Cedar Creek, local first responders benefit from active shooter drill

The RAVE Panic app is utilized statewide by schools in order to communicate with first responders as well as internally within the campus in case of emergencies.

by Malcolm Butler

It’s not something school administrators and teachers want to think about, but in this day and age, it’s not something they can ignore.

With the national news inundated each week with tragic stories of active shooters on campuses and at other public places, the day of turning a blind eye to the possibility is over.

That’s exactly why Cedar Creek Head of School Cindy Hampton and teacher Jeannie Reynolds decided they needed to join forces with Lincoln Parish first responders in a training exercise on how to handle an active shooter scenario.

So during a day off for Cedar Creek students in early October, the school’s staff — teachers, administrators and support staff — went to class on how to handle the unthinkable.

“I think it opened our eyes to how quickly things can happen,” said Hampton. “And how prepared you always have to be.”

“It really woke the teachers up,” said Cedar Creek Assistant Principal of Elementary Karen Roberson. “It really helped them realize how serious things could be. It scared some of my teachers. It made you react really quickly on what you were going to do.”

Eye-opening to say the least.

The idea of the drill came after Hampton and Reynolds attended a statewide seminar in West Monroe on the new RAVE Panic app that the Louisiana schools are now utilizing for these types of emergencies.  The system is tied directly into local first responders through the 911 call center.

“We got the app last year and started to use it on campus for our fire drills and everything else,” said Reynolds, who is married to Lincoln Parish Fire District Chief Kevin Reynolds. “Then we went to the meeting this summer. Legislation has put in that schools have to have this type of app.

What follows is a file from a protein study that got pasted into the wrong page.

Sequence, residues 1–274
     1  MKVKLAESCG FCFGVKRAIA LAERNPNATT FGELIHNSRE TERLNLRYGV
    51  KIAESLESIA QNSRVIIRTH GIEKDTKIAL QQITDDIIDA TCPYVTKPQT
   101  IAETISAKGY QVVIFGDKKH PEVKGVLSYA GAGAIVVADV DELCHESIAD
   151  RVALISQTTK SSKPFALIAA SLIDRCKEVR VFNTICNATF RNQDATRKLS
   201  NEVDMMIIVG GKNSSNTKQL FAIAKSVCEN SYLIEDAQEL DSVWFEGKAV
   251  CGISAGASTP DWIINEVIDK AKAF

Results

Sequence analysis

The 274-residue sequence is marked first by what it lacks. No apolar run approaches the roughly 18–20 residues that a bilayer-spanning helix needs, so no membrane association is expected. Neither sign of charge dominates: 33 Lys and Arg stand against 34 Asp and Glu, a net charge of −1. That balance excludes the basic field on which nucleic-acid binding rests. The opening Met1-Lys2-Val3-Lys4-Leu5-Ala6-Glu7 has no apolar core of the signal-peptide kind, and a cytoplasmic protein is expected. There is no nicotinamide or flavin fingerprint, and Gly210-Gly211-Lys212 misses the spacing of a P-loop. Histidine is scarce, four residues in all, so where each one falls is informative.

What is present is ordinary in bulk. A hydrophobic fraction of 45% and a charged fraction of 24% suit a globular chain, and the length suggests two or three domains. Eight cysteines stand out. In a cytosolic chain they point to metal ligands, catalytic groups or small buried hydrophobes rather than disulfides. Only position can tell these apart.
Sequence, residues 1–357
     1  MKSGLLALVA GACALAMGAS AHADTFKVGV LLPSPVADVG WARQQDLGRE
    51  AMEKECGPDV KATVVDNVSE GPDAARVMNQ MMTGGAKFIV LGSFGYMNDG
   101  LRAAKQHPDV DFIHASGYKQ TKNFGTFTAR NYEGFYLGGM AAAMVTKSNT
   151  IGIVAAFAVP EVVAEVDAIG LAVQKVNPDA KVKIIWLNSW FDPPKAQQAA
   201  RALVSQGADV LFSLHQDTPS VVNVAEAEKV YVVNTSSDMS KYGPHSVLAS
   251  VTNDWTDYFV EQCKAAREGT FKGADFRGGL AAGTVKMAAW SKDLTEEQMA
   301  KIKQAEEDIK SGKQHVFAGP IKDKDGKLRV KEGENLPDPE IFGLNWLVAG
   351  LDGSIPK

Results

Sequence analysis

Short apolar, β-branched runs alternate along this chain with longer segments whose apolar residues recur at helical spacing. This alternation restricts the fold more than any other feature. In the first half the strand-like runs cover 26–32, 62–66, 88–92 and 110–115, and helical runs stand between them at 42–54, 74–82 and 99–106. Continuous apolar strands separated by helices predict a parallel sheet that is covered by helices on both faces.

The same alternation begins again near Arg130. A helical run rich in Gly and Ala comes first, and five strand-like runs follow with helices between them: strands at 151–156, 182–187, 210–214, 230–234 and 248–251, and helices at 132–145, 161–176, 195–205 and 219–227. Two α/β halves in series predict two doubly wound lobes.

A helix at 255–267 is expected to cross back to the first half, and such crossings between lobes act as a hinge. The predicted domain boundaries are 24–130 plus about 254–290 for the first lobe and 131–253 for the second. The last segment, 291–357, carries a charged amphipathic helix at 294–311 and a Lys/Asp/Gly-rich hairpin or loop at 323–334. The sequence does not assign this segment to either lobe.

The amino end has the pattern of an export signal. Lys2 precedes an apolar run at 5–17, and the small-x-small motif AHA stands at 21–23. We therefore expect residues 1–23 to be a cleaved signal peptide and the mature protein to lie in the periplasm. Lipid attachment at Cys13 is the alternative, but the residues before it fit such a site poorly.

“I knew through Kevin that they didn’t know a whole lot about it. I knew our Student Resource Officers (SROs) had it because the parish schools had it, but putting it all together with everyone being clear on it wasn’t there. I looked at Kip Franklin and said, ‘How do we practice?'”

A great question.

“How do we know what we don’t know,” said Hampton.

Another great question. Enter Franklin, Brad Wall and Lincoln Parish first responders.

So on October 6, the system was put to a test as Cedar Creek joined forces with the Lincoln Parish Sheriff’s Office, the Ruston Police Department, Ruston Fire and Ambulance and the Lincoln Parish Fire District.

It was a training exercise that had tremendous benefits for both sides.

“It gave our it gives our responding officers an opportunity to see how it looks as far as responding and working with the other responding agencies,” said Wall, a captain with the LPSO who is the coordinator for the Lincoln Parish special response team. “Our objective is to locate, isolate and neutralize the threat. Then our attention turns towards casualty care, triage and transporting victims to the hospital.

“It gave us a great opportunity to get a good layout of the school. We do a lot of training in the schools in the summertime, but this gave us an additional opportunity for our officers to become more familiar with the school. We got to work on lockdown procedures. So now in the event of a mass casualty or an active shooter event, we’re familiar and have a contingency plan.”

It also gave Wall and his team a chance to work with the other first responders that combine forces for such an event.

“We get work with our law enforcement partners in the area in a multi-agency response event,” said Wall. “We get to train together in case something like this does eve happen. It’s a great exercise for cooperation among agencies in our area.”